'She's My Shravan Kumar': Teen Cycles 1,200 Km, Gets Injured Father Home

Jyoti Kumari cycled for 7 days, going almost hungry for two of those, before she reached Bihar

New Delhi:

Jyoti Kumari, 15, cycled almost 1,200 km with her father riding pillion, to reach home in the coronavirus lockdown.

From Gurgaon near Delhi, she cycled for seven days, going almost hungry for two of those, before she reached Bihar.

Impressed with her endurance, the Indian Cycling Federation has decided to invite Jyoti to trials next month, which gives her a chance to turn her life around.

In March, the teen from Bihar had gone to Gurgaon to visit her father Mohan Paswan after an accident left him unable to continue with his job of driving an e-rickshaw.

Then the country went into lockdown to fight the global pandemic.

Jyoti was forced to stay with her father. With no job, no money and with the landlord threatening to throw them out, the father-daughter duo was staring at starvation.

“I was able to buy some time. I promised the landlord I would take up whatever job I could once the lockdown was lifted, earn money and pay all his dues. I had to discontinue my medicines so we could afford one meal a day,” Mr Paswan said.

His wife, Jyoti’s mother, stays in their village back in Bihar, where her four younger siblings also stay. Her mother, an Aanganwadi worker, pawned jewellery to raise Rs 15,000 to help her father.

Jyoti decided to head back to her hometown Darbhanga in Bihar, but not without her father.

She first borrowed money to buy a cycle. There was no option, she believed, since trains and buses were not running and her father couldn’t walk.

Mr Paswan says he tried to dissuade his daughter, telling her that riding a bicycle with a much heavier pillion rider was not easy. But Jyoti insisted and he gave in.

“I left everything to fate,” he said.

Jyoti said they would cycle for 30 to 40 km a day and sometimes, an odd truck driver would agree to take them aboard.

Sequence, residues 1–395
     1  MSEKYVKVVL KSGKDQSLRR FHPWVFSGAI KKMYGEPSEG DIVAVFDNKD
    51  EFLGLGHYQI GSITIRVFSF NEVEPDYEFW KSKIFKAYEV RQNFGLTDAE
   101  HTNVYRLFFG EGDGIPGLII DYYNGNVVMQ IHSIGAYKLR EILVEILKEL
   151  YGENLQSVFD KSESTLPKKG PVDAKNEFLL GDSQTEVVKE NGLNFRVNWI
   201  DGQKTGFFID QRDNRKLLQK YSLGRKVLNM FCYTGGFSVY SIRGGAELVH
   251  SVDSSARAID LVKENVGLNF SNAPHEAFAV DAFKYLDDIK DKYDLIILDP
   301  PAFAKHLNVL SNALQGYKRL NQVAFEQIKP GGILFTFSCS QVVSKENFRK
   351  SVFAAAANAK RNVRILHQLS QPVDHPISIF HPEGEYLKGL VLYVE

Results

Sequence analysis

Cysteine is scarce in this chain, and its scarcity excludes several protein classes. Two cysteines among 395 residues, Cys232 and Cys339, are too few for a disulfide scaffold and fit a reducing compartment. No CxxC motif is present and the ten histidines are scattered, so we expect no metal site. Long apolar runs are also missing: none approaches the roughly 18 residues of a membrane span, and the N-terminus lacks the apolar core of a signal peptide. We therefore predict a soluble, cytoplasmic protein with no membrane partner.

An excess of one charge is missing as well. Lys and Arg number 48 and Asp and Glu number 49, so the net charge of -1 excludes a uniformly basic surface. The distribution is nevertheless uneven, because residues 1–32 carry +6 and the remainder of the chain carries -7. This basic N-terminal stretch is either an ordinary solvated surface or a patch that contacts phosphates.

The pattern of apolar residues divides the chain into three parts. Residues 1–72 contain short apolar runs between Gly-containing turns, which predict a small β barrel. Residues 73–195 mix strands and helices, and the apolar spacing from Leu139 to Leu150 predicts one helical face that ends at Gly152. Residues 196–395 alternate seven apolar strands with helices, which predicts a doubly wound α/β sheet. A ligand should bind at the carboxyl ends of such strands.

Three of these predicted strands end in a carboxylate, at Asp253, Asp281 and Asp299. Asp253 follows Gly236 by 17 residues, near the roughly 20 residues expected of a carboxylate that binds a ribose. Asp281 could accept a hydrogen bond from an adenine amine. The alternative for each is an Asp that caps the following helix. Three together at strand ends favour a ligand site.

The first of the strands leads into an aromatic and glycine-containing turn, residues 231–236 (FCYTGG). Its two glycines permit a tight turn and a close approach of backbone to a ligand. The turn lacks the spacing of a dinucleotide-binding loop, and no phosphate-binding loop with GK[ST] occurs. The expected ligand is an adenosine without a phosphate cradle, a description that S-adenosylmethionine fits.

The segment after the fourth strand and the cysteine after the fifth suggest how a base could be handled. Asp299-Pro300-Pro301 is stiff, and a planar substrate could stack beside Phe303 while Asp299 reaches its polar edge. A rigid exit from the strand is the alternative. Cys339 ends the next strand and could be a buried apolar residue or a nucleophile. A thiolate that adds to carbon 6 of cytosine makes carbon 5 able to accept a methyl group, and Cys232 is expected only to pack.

“It was unbearably tiring. We would stop for food at places where we could see free food being distributed among people like us,” Jyoti shared.

“It must have taken eight days… and then, here we were! Back home!” she said, forgetting details in her fatigue.

Local media compared her to Shravan Kumar from the epic Ramayana, the boy who carried his old parents in baskets tied to a pole balanced on his shoulder when they desired to go on a pilgrimage.

“She is indeed my Shravan Kumar. The journey back home has been nothing short of a pilgrimage,” Mr Paswan said.

Her story also travelled to the national cycling body. “If she has achieved this, then she is really talented. We would like to give her an opportunity. We look for talent like this. If an international cyclist rides 100 km in a day, then it is called good training,” said VN Singh, Director of the Cycling Federation.

Jyoti, a hero in her village, has tugged at many hearts. A group of jawans called on her and gave her Rs 5,000 cash.

A senior official in Darbhanga said: “When her quarantine is over, we will definitely help Jyoti.” He said to begin with, the state government would ensure her admission in Class 9 and also help her financially.

By admin

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